The Cowl

The Cowl That Would Be a Tablet Cover


Recently I became the proud new owner of a Samsung tablet.  I got a cover for it that fits it like a glove.  The cover protects it from dings and scratches, but it’s not really cushioned.  So I decided to knit something that I could slide it into to give the whole thing a little more cushion.  I saw a cowl at YarnWorks that was made from one skein of yarn.  I thought the stitch pattern would give enough loft that it would pad the tablet nicely, especially when I cram it into my purse and dash out the door.  The more I looked at it and the beautiful yarn it was made of I decided to make a cowl first for my Mother, then use the pattern with something thicker for the cover.  While the cover for my tablet has yet to be started, the cowl is done, and I have one Yule present completed.

The yarn is Malabrigo – Silky Merino.  Its a lovely variegated yarn made from 51% silk and 49% merino wool, color-way Caribeno 474, sport weight or #3.  How can you go wrong with this combination?  The pattern is called Seaweed Cowl, and while it’s available on the web, I obtained mine from Yarnworks.  It took just one skein, the pattern is just easy enough that you can get lost in your thoughts working it.  It makes a fabric that looks great on both sides.  I needed to alter this pattern slightly to prevent it from strangling my Mother when she put it on.  It calls for a cast on of 84 with size 8 circular needles, but I cast on 120 with size 7 (I’m a loose knitter).  The pattern repeats are in multiples of 6, so cast on as many as you like as long as it can be divided by six.  I chose a knitted cast on, for some reason my favorite, and for the first time used metal needles.  The needles are the Hiya Hiya, and I’m reserving judgement on these until I use them more.  They are so slippery that I thought my stitches were going to fall off every time I looked up or laid them down.  But, people rave about them and I’m not accustomed to the metal, so in time they may become my favorite.  The pattern is simple:

2 Rows of P4, K2

2 Rows of P3, K3

2 Rows of P2, K4

2 Rows of P1, *K4, P2, rep from * end in K4, P1

2 Rows of P1, *K3, P3, rep from * end in K3, P2

2 Rows of P1, *K2, P4, rep from * end in K2, P3

Complete these twelve rows four times or until you’re nearly out of yarn and use an elastic bind off like P2tog, slip stitch back to Left needle, P2tog and rep until all stitches are bound off.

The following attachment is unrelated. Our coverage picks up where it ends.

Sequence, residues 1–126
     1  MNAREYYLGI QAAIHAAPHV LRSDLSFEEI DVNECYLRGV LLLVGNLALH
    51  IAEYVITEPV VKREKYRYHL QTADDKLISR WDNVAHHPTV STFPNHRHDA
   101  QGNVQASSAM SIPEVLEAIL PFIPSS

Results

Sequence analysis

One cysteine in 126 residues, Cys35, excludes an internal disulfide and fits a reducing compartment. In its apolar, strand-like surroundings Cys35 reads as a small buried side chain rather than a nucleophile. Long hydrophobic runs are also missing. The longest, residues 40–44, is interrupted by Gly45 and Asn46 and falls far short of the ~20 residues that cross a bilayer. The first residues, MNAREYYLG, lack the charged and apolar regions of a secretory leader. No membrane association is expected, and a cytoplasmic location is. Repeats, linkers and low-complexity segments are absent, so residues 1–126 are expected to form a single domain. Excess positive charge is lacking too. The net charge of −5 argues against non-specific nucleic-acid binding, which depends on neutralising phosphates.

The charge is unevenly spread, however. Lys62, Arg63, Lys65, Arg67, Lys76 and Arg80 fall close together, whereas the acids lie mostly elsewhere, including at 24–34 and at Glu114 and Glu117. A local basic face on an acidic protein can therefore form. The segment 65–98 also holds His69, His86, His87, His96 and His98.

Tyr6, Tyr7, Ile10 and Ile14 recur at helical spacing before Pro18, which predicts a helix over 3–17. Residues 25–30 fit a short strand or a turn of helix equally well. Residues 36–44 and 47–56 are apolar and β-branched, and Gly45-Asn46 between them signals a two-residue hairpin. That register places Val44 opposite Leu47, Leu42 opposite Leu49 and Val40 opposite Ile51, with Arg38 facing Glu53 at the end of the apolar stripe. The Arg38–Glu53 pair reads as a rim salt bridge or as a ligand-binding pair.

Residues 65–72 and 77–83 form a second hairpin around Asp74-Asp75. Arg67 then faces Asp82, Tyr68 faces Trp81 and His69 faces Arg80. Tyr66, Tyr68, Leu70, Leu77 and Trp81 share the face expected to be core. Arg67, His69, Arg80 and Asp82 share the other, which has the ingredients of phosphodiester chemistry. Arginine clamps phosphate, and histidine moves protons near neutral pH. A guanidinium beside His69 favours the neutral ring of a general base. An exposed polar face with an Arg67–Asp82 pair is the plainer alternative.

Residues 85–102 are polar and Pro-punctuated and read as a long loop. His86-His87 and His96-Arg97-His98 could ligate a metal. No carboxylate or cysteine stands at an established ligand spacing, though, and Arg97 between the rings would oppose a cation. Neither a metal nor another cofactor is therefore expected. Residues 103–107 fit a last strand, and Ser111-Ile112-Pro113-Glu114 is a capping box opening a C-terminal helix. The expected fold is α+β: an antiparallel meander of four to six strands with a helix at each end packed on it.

This yarn comes in a skein that will need to be wound into a ball, I used my swift and ball winder to wind this into a center pull ball.  This yarn has a slickness to it due to the large percentage of silk, so be generous with your yarn tail and weave it in securely to prevent it popping out later.  I finished this cowl by following the directions on the yarn tag for the most part.  I hand washed in cool water, removed a lot of the extra water by wrapping it a towel for a few minutes, then laid it out flat.  I wanted as much texture as I could muster, so while it was still just the slightest bit damp, I placed it on a dryer rack and scrunched it up and placed it in the dryer for a brief time on hot so finish the drying process.  This rack is for shoes, so the cowl just laid on the rack not moving in the center of the dryer, it didn’t tumble.  It has an incredible shine and is so soft to the skin, I think my Mother will just love it.  Now I’m off to find or spin some thicker sturdier yarn to hold that tablet…..


A website devoted to learning, sharing and teaching a wide range of fiber arts. Inkle, Tablet and Navajo style weaving, Spinning, Knitting, Crochet, Sewing and Lace Making. Silver Work, Beading and Tool Making grace my bench as well.

2 comments on “The Cowl
  1. Mark says:

    Nice combination of colors, Janean. I could see you offering these for sale on your website. I would buy one!

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